While most rock bands flirt with anti-establishment rhetoric until the time they manage to set up their first tax avoidance scheme, Public Enemy have been confrontational from the get-go and remain that way today.
How could it be otherwise?
Hip-hop in its primal form did not set out to gently persuade; the themes of disenfranchisement and injustice that artists like Gil Scott-Heron and The Poets mined with a certain degree of elegance in the Seventies required a bit more anger in the age of Reaganomics.
Last night's build-up had something of the church fête about it: free gifts, merchandising, breakdancing competitions, well even a revolutionary's got to make the overheads.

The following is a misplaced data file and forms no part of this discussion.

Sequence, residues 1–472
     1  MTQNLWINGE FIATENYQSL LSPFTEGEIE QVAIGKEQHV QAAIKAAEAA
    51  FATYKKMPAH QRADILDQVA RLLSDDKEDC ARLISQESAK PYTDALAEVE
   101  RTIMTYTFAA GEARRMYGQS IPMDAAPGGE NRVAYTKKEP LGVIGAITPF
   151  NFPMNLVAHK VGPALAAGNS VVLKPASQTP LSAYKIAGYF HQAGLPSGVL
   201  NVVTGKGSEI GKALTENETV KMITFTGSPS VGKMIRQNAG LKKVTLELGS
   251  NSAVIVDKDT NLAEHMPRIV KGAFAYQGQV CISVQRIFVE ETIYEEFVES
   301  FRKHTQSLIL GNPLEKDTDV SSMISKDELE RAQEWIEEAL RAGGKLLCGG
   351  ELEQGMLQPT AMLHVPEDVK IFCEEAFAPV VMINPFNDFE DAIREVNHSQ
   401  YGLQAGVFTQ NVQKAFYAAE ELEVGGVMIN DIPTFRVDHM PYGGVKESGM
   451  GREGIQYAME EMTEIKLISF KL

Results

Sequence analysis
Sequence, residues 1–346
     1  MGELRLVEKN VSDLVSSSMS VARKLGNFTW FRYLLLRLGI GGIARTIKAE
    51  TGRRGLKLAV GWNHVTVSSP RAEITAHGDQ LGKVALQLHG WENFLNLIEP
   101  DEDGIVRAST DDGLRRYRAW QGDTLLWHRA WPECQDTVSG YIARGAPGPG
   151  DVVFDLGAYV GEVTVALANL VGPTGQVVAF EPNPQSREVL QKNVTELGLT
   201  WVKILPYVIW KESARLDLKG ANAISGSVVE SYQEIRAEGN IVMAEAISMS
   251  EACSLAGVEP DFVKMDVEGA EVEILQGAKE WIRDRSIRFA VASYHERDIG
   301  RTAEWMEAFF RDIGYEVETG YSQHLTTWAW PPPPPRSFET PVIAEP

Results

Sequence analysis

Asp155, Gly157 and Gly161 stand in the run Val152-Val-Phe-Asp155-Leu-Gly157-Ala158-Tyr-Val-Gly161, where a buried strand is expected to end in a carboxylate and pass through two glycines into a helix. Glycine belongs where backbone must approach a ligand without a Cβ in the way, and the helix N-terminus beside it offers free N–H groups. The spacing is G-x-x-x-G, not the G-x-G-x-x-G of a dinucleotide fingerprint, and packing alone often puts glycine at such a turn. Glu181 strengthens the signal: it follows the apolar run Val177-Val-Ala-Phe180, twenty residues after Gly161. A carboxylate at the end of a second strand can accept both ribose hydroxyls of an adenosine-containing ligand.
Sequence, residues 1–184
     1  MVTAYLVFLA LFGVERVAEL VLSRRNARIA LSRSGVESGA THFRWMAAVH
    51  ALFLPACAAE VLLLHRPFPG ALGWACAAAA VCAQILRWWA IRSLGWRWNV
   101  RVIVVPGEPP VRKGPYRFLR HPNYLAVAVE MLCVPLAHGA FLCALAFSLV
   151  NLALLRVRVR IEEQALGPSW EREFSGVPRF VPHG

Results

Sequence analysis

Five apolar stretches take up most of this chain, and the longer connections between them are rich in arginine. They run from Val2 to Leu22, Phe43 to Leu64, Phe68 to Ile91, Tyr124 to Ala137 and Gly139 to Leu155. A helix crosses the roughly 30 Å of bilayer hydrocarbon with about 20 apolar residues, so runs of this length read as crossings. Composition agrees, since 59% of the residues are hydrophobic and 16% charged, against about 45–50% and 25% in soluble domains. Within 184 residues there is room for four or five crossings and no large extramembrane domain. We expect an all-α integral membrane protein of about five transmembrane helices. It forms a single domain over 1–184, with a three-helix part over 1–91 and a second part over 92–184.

But when Public Enemy emerged onstage fresh from a Gaza protest at the BBC around the corner, complete with mannequin-like heavies in military fatigues, it was clear that this was church militant.
Chuck D and Flavor Flav assumed the position, the first as master of ceremonies launching a coruscating Get Up Stand Up, the other emoting, dedicating the next number to pretty much anyone who had experienced anything bad over the past few days.
It's clear the two have a Page/Plant, Townshend/Daltrey style understanding, at its best in the dynamic vocal interplay of Welcome To The Terrordrome, augmented by an outbreak of thrilling live guitar, which showed us why Public Enemy have such a following among rock bands.
Believe the hype.